What is particularly interesting in this case is that manufacturers apparently have been aware of the flaws for a long time, but did not deem them critical enough to inform their customers. It was thought of as “no big deal”. A statement of a Boeing spokesman suggests that they consider the information gathered by the expert team valuable, but of little practical relevance as the type of attack requires expert knowlegde not everybody has access to. Therefore it was not seen as a general security threat. Pilots on one hand could justifiably ask themselves what other information manufacturers might withhold. On the other hand, there is the question of what practical use such a notification would have had. Pilots are not IT security experts and they have little to no way of dealing with any cyber threat on board an aircraft. The same is true for maintenance crews, because there are no IT security experts present (yet?).
IT systems and networks in passenger aircraft are vastly different from the „normal“, ground-based PC and network infrastructure that we are familiar with. Fixing any flaws in an avionics software is hugely complicated and, above all, very costly. According to a member of the DHS team, fixing a single line of code in such a program can cost upwards of a million dollars and take years to make it into production. Add to this the cost of replacing the software in the field: every hour that a plane is not in the air costs its operator money. Individual machines are often planned into the flying schedule weeks in advance. A jet which goes into a six-week general overhaul (called the „D Check“), its first flight is often scheduled for the same day the overhaul expected to be completed. Under these circumstances, the costs that manufacturers and operators incur for fixing any flaws quickly spiral out of control and make fixes almost prohibitively expensive.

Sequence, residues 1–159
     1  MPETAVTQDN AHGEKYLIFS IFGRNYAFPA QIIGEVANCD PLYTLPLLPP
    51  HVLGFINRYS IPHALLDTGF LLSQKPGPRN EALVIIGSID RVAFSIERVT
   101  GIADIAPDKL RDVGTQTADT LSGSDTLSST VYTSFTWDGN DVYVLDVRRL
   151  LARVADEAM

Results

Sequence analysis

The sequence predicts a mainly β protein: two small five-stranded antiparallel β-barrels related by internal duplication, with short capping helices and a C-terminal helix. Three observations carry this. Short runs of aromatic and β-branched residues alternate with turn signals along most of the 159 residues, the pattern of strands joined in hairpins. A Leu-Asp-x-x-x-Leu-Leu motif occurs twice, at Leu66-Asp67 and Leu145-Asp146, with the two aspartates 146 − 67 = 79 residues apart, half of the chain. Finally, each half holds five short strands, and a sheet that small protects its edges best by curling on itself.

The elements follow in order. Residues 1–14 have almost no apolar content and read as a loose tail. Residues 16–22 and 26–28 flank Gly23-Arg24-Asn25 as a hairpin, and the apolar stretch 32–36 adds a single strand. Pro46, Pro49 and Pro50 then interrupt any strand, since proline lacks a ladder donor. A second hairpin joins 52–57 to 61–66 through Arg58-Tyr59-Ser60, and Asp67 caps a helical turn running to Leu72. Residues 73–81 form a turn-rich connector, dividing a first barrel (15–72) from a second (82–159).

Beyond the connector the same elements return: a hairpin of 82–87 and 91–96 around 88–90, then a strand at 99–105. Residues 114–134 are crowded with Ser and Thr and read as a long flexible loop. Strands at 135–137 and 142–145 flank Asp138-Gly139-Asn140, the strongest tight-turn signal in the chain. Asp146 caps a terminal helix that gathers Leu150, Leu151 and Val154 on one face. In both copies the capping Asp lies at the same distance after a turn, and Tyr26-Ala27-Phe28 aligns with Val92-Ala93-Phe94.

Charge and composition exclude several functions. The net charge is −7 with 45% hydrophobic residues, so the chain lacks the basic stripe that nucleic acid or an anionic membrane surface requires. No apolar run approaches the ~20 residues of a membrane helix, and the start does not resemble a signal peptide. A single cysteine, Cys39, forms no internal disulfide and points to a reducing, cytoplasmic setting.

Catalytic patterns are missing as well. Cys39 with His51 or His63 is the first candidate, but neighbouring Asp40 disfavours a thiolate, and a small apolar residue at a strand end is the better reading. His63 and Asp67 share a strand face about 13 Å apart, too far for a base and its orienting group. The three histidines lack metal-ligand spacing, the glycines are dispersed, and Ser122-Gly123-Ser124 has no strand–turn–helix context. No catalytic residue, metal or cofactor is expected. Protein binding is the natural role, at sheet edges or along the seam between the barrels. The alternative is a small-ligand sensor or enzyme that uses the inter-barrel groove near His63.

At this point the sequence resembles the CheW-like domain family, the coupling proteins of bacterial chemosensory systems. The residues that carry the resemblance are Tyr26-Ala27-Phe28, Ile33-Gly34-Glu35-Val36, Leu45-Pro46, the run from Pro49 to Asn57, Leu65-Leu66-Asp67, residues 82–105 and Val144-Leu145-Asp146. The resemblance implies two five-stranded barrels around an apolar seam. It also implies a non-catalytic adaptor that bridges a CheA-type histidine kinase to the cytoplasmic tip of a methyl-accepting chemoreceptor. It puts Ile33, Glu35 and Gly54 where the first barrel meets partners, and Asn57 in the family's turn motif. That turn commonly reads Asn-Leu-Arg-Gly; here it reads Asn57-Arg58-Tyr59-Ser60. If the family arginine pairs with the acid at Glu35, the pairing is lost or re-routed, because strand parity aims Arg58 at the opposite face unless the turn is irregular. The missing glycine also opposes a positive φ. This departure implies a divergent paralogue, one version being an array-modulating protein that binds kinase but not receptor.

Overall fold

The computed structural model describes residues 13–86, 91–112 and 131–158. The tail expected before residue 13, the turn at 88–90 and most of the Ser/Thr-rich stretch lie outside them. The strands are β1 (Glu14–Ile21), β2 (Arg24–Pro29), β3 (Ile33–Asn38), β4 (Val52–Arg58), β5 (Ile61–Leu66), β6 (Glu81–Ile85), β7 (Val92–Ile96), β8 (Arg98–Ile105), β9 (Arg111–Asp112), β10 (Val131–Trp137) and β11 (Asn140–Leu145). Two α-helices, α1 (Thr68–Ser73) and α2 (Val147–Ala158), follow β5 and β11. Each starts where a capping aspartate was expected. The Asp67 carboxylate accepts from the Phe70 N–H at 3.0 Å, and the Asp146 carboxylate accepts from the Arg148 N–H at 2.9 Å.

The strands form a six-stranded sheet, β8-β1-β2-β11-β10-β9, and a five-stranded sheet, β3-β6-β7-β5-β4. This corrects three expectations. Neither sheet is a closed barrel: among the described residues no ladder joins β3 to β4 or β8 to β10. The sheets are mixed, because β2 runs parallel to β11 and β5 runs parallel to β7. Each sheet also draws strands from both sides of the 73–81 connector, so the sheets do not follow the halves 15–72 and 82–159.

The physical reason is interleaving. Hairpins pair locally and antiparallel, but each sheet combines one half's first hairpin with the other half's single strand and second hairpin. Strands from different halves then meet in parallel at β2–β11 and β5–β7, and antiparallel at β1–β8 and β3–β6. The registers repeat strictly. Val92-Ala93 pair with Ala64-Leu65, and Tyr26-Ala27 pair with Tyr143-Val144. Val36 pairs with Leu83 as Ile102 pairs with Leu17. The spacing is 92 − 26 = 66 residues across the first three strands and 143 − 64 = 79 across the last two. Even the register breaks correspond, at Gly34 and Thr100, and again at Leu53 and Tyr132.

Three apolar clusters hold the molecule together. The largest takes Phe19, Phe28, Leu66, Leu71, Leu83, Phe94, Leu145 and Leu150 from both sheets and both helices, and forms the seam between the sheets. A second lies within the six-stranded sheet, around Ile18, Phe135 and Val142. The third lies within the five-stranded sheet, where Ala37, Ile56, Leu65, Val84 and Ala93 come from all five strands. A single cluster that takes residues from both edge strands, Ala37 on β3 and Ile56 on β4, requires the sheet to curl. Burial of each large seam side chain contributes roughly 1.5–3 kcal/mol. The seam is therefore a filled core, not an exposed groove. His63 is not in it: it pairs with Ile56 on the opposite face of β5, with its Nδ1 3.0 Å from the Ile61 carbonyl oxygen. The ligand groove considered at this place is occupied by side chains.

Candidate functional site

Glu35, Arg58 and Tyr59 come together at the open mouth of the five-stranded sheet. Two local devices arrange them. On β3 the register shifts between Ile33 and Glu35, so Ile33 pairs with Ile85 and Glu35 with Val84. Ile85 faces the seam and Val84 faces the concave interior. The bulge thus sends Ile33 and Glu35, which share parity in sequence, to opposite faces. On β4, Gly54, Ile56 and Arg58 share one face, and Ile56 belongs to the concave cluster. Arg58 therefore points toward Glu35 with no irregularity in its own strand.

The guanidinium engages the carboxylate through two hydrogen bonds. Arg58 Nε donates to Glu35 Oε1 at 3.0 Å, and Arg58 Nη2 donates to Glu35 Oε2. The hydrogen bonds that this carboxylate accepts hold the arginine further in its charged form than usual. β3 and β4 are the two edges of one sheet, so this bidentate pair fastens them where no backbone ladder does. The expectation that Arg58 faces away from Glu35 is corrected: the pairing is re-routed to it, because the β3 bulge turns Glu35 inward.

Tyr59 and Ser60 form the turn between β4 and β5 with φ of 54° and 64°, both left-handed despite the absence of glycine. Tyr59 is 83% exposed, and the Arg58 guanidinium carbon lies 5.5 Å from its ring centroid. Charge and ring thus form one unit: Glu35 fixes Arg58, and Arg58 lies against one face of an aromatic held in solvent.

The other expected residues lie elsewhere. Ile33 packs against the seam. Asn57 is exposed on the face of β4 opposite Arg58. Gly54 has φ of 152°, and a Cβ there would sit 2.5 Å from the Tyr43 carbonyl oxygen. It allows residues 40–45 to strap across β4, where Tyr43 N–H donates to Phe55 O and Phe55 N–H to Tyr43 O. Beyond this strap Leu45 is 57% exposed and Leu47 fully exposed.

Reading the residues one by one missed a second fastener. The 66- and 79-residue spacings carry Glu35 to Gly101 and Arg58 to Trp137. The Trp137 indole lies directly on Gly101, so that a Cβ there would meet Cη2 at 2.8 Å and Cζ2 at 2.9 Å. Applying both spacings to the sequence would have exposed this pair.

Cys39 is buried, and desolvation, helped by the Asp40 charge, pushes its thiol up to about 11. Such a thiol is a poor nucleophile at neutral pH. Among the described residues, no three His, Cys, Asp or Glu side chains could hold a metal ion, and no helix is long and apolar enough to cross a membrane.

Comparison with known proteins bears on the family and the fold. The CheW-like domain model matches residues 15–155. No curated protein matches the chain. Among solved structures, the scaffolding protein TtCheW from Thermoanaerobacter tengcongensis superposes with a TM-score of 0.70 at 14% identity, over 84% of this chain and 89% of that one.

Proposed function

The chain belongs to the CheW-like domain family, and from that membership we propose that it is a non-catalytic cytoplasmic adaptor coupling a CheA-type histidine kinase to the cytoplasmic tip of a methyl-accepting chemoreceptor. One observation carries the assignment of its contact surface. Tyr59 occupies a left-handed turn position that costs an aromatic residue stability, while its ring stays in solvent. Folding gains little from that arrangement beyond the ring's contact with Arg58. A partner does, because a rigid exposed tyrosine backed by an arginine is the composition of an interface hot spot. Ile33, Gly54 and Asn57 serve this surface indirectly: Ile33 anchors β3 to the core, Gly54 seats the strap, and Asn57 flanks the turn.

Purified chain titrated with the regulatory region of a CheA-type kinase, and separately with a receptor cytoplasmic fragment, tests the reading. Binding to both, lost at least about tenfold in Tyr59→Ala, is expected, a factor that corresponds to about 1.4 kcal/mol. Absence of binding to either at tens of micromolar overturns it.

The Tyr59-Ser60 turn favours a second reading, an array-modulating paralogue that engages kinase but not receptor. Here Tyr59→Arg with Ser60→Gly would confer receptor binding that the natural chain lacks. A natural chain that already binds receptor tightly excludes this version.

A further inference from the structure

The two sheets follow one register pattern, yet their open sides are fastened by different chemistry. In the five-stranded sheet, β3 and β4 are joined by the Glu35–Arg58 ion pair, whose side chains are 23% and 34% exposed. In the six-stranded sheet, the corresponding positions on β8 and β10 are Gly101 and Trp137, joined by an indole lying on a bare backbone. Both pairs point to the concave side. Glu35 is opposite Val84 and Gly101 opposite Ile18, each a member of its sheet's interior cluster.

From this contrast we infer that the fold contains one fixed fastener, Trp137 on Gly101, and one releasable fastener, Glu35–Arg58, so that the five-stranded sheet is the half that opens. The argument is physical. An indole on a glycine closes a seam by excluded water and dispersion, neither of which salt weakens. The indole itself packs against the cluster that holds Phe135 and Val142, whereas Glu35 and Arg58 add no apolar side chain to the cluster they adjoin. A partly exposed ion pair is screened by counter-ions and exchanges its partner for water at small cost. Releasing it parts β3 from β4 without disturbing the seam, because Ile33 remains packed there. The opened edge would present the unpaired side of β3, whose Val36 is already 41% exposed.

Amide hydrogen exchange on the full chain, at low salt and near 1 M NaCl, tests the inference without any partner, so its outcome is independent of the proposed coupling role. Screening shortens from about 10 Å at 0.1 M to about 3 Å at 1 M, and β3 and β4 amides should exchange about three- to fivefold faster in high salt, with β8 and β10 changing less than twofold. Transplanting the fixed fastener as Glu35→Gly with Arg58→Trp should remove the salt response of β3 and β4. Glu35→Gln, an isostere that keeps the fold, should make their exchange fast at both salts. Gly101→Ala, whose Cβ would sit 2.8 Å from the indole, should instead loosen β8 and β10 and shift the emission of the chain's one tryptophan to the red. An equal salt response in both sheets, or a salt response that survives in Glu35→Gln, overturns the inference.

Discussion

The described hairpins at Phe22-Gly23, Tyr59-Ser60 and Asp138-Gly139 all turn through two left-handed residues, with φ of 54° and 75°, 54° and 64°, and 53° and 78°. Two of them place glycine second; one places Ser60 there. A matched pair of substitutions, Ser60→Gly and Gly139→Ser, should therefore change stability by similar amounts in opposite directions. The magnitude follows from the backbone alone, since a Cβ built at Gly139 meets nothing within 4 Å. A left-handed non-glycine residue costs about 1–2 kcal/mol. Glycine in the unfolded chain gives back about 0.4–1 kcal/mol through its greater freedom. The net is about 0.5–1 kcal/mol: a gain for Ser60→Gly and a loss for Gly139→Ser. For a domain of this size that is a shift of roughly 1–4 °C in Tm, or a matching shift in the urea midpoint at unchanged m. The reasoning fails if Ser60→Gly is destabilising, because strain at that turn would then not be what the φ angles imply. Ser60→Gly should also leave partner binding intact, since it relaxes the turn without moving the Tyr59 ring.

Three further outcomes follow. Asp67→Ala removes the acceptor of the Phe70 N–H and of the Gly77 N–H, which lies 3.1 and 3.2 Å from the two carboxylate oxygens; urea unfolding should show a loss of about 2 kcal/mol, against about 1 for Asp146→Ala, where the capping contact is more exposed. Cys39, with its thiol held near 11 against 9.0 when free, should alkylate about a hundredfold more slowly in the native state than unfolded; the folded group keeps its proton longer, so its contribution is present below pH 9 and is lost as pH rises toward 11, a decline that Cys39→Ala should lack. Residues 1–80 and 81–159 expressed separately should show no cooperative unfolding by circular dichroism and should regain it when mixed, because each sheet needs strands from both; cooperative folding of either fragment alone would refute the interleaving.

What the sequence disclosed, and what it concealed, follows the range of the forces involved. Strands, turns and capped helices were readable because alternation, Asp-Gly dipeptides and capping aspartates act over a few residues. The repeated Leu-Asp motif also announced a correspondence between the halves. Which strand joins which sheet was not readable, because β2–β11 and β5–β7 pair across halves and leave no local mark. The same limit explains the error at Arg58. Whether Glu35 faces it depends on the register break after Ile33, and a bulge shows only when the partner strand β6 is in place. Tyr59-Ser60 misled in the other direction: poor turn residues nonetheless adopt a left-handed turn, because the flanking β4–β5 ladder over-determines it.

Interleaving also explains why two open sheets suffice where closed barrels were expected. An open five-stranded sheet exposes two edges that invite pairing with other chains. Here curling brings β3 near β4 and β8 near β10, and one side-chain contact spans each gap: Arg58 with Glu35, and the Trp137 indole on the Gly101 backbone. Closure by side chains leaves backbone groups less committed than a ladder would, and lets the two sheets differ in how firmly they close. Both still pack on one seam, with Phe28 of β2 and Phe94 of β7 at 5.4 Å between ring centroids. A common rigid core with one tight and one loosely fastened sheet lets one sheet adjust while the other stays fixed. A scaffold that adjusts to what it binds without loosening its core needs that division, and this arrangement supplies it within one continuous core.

The good news is: modern systems and newer machines are planned with improved (IT-) security in mind. However, older aircraft often do not benefit from those changes, unless they undergo a full upgrade – which will they only do if it its operator can economically justify it. The majority of the planes that are in operation today is at least a few years old. It is not uncommon for a passenger jet to remain in active service for 15 to 20 years, sometimes more. The aircraft industry is now facing a challenge this other industries have to face now: they need to secure a system that was never designed with a world in mind where everybody and his brother has access to tools which can put those systems in serious danger.
There is still one fact, though, that might give some people some peace of mind: even with all the automation in a modern airliner, there is still a human in the pilot’s seat who has the final word.